not be cautious how we interfere On the seventh and last night with the system which brings them there were many speeches, of which into the House ?—if they be not able the principal were Mr Perceval's men, why are their speeches thus against, and Mr Harvey's for the feared ? for as yet it is not the intermeasure. The former, let who will ference of their votes which has been ridicule it, was an excellent speech, objected to. striking home upon the really impor- We do most sincerely trust that no tant matters in the question.
clamour without, nor intimidation Facilis est rigidi censura cachinni."
nor abuse within, the House, may
have the effect of giving any sucIt is easy to laugh at Mr Perceval — cessful countenance to a measure of because he puts his religion, perhaps, a tendency so revolutionary, that too much in the van, when it is not were it to pass into a law, we cannot likely to be treated with respect; but see how sober thinking men could when a man speaks plain practical have confidence in the stability of any sense, he should not be sneered down institution in this country. We think for a peculiarity of manner. As to it perfectly obvious that such a revoWhittle Harvey, he spoke as he gene- lution in the mode of electing the rally does-clever, impudent, hard, House of Commons, would give a and superficial. His support adds preponderance to the democratical no weight of character to any mea- part of our constitution, which would sure-he is sufficiently well known soon be fatal to the existence of the to be, as Colonel Tyrrell said, “ not other parts, and therefore destrucparticular to a shade.” Lord Jobn tive to the well-being of the demoRussell's reply was very bad in the cracy itself. If we could believe that beginning, and better towards its
the common people, or the middle close, but throughout feeble in man- class, (as that is the favourite phrase,) ner, and uncandid in statement. were capable of more happily go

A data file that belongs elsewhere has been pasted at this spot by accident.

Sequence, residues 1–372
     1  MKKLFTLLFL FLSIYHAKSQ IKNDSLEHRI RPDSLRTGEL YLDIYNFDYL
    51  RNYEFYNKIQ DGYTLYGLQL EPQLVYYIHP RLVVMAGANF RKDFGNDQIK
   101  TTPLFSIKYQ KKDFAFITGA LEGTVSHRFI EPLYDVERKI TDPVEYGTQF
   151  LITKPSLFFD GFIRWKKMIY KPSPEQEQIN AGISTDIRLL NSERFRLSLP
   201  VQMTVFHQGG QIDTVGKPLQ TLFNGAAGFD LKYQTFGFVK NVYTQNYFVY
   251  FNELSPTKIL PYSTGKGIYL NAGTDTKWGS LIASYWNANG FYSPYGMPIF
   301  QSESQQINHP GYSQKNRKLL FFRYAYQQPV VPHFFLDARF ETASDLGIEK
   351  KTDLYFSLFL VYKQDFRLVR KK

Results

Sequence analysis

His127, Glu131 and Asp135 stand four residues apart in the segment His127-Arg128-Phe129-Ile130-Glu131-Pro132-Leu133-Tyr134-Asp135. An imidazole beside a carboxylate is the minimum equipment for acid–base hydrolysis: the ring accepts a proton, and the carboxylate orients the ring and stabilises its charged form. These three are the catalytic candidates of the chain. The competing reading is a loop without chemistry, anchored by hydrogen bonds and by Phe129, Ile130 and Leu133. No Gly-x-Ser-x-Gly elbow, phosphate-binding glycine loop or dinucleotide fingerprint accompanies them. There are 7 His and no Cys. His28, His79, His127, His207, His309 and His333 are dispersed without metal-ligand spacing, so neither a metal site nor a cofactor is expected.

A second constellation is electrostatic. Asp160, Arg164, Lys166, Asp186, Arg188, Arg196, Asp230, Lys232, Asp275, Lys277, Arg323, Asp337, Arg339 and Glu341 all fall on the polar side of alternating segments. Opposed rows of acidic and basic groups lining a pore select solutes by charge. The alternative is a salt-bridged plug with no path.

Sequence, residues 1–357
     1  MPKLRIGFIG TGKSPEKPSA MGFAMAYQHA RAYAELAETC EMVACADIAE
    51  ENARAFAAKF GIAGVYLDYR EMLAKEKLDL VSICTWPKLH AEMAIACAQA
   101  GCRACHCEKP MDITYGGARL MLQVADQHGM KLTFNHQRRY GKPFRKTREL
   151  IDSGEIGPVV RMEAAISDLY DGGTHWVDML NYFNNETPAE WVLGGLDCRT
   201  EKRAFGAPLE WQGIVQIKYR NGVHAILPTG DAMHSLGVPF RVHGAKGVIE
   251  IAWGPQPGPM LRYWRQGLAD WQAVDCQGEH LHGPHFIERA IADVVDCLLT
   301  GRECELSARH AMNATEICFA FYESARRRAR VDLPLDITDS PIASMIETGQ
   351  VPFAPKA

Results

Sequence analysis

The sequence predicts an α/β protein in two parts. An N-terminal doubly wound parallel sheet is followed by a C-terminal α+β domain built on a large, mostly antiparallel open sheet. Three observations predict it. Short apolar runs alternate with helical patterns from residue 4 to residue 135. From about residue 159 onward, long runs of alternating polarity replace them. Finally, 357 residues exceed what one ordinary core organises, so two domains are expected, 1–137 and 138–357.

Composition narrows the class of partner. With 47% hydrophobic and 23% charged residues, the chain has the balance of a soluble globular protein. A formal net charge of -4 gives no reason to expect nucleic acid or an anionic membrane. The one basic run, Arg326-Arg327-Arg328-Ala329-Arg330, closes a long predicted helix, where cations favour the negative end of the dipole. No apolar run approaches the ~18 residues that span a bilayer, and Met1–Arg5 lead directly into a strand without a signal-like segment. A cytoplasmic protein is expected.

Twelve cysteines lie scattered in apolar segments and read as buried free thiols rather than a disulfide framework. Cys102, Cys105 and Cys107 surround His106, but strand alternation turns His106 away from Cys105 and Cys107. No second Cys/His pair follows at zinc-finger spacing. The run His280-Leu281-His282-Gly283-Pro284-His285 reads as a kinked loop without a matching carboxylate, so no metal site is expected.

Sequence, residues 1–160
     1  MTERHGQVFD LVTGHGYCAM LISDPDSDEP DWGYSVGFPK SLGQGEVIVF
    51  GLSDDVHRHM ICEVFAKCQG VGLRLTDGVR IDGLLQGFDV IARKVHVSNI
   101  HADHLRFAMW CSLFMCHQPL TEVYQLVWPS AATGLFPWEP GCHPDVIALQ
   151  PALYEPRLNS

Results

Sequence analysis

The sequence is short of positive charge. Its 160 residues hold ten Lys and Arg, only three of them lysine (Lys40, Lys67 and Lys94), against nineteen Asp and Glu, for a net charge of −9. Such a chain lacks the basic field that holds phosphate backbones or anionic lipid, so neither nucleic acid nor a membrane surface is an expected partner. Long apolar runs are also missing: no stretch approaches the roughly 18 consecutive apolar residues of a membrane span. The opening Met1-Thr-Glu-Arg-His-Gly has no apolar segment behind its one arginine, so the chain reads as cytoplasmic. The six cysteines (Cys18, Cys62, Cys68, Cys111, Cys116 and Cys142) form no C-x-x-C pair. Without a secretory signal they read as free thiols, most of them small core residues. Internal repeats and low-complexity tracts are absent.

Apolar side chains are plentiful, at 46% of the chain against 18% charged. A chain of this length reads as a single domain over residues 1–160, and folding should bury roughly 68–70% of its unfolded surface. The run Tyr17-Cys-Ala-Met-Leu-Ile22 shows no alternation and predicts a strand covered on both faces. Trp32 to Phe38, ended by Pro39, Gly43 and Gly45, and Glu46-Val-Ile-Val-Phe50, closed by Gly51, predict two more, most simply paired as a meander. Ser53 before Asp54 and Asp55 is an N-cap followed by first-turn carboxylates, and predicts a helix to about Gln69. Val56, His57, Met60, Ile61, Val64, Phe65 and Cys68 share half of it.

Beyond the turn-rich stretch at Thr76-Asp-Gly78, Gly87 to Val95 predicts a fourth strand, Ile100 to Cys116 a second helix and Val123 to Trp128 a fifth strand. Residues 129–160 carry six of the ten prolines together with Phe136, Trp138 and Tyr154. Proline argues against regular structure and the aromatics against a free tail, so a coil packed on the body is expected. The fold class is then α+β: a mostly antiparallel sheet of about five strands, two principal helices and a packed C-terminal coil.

Such is a sketch, rapid and imper- verning themselves, if all authority fect it must be allowed, of the great were taken away from those above debate on the bringing in of the re- and below them, we might look upon form bill; but who can describe with such a measure as this with some in a few pages the minute particulars hope, but we think no such thing; of seven times seven hours speech- and whatever respect we may have making ? Upon the whole debate we for the sound sense of this class, disshould not fear to leave it to any played in the management of their honest critic, of any party, to decide own affairs, we firmly believe that, which had the advantage, sure of a in matters of government, a mixture decision in favour of the speeches of other influences with theirs is against the measure. In the morti- necessary not only for the good of fying consciousness of this being the the nation at large, but even for their fact, the friends of Ministers cry out own peculiar good. against the right of borough mem- We have looked, but looked in bers to have been heard at all upon vain, for any argument establishing the question. So violently unjust a a link of connexion between the Repoint was, we suppose, never before form so much clamoured for, and an set up upon a matter where public abolition of the causes which distress rights were in controversy. "Why the people, check their industry, and should not borough members be thwart their efforts to be prosperous heard ? They do not appear as uit- and happy. This should be looked nesses in their own cause-they are, to first, and were this attended to, we as members of the House of Com- should then be by no means adverse mons, members for the whole country, to such a cautious and gradual pnd on an equality as senators with amendment of our representative